10. John,

    To be fair, some of the fault lies with the government, for actively presenting themselves as being able to handle disasters. Not to mention federally subsidized flood and coastal house insurance in hurricane-prone areas which distorts the natural disincentivizing process that would normally keep people out of hurricane alley. These people didn’t come to depend on the government all by themselves—they had help from the idiot pols that promised them that the government is here to help them.

  11. *scratches balls, tugs on can of Coors*

    Dude, that’s disgusting! Coors is a headache in a can.

  12. And that guy on Charles in Charge. Not Chachi, the other guy. -Brian

    That would be Willie Aames. He’s probably trying to cleanse his soul after soiling it by doing the voice of Hank the Ranger in the “Dungeons and Dragons” cartoon. Because we all know how satanic “Dungeons and Dragons” is. Of course I’m being sarcastic…In my view the D&D cartoon was the only cool thing he ever did.

  13. Evan,

    Good point, but it still drives me nuts.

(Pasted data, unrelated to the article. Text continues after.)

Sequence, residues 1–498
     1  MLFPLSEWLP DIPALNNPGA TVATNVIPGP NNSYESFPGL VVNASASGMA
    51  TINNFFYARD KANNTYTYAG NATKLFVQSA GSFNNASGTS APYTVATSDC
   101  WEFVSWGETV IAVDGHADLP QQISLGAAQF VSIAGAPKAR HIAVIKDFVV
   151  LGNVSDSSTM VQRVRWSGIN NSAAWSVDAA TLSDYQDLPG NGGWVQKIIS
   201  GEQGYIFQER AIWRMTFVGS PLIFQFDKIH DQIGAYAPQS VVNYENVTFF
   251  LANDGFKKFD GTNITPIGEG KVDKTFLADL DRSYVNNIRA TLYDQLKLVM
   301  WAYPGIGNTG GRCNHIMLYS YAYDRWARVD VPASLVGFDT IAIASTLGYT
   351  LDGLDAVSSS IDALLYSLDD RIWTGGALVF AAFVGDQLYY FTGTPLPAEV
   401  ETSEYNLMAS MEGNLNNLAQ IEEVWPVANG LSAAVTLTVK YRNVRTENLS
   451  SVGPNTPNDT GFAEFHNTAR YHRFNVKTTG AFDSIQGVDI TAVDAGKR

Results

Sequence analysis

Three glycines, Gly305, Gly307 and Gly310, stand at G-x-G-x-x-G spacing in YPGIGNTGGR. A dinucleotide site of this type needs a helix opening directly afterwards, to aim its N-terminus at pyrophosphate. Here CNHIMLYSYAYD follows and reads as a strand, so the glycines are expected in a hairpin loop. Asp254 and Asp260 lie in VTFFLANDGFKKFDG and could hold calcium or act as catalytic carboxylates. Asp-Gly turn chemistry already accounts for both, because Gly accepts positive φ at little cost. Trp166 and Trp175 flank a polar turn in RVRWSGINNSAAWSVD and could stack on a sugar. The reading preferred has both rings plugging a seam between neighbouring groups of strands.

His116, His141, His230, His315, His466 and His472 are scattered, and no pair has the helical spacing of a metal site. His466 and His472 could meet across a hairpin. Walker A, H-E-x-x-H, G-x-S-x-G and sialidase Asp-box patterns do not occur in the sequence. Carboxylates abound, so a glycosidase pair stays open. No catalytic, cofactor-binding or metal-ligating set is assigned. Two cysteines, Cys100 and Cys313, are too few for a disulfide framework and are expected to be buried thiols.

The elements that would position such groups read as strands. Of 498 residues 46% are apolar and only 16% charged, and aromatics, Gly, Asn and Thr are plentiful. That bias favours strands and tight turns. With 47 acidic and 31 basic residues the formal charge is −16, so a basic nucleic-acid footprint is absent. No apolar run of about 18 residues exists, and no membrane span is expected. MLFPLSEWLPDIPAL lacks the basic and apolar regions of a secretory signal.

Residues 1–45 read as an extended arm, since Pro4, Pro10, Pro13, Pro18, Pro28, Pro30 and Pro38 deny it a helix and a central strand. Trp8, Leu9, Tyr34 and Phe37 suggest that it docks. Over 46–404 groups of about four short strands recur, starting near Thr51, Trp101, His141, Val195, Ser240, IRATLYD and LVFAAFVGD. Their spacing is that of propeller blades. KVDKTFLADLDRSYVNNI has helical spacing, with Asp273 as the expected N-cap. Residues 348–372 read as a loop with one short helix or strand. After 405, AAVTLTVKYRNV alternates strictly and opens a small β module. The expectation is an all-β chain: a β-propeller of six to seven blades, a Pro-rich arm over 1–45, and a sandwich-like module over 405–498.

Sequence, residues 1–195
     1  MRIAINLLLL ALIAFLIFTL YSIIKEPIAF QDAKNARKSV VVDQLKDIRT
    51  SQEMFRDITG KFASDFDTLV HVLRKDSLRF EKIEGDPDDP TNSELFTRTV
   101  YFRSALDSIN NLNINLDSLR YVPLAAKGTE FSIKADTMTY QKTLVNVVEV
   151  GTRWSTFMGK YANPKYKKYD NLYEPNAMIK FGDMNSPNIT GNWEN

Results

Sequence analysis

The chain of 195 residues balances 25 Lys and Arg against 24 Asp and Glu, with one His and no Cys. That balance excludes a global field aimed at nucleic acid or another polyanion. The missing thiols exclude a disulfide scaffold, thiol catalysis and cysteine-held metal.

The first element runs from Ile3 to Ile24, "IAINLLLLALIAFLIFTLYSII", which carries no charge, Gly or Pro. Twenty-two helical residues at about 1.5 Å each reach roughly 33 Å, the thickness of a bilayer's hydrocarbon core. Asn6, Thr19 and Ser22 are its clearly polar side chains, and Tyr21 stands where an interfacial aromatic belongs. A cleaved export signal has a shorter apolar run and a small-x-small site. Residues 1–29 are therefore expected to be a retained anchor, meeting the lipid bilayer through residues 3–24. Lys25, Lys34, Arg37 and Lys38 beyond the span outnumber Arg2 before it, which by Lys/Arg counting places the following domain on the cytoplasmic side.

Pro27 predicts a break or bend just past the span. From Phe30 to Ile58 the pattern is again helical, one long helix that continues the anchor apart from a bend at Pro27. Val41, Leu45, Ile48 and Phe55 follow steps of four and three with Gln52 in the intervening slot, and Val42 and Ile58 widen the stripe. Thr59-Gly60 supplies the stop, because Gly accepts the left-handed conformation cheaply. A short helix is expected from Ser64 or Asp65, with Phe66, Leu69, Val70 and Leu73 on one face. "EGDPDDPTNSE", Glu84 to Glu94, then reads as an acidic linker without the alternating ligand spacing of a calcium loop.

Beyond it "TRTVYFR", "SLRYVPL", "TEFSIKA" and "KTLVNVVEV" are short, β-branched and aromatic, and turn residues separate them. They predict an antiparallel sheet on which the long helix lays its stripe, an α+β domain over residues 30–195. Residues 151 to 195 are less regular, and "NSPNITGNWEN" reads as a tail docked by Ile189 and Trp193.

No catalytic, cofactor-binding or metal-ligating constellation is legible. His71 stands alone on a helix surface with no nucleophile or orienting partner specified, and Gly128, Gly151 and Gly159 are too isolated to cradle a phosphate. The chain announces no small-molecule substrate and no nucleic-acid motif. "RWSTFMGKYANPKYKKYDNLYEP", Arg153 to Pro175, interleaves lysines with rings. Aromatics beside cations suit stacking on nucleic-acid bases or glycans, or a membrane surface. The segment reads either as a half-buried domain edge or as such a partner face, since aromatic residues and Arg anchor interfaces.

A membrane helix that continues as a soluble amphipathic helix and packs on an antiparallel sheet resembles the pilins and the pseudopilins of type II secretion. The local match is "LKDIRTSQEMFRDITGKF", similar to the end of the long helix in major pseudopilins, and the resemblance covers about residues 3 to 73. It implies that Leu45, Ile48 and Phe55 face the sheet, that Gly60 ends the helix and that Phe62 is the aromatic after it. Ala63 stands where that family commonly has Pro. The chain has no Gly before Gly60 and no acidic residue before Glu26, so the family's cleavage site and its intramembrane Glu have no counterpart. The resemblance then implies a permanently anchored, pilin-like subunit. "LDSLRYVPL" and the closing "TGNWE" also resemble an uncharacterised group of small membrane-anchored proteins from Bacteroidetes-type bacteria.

14. If you can’t figure that fact out and think it is a national shame that the government can’t fix everyone’s problems for them, then yes Les you are bubbleheaded, bleach blond bimbo.

    Okay, all joking aside, why lump Natalie Manes in there? Because she publically expressed her displeasure with the president? And who, exactly, is arguing that the government should “fix everyone’s problems for them”?

    Bush and the feds made it clear that they would be there for the victims of the hurricane. Why shouldn’t the average citizen expect help when the government (the one that’s rebuilding countries on the other side of the world) promises it to them? This administration has done nothing to make people think they should take care of themselves.

    I’m not saying I agree with the country stars, but I think you’re building strawmen out of your frustration.

  15. I don’t get it.

    It’s been over 6 months since the disaster happened — nobody’s life in in peril.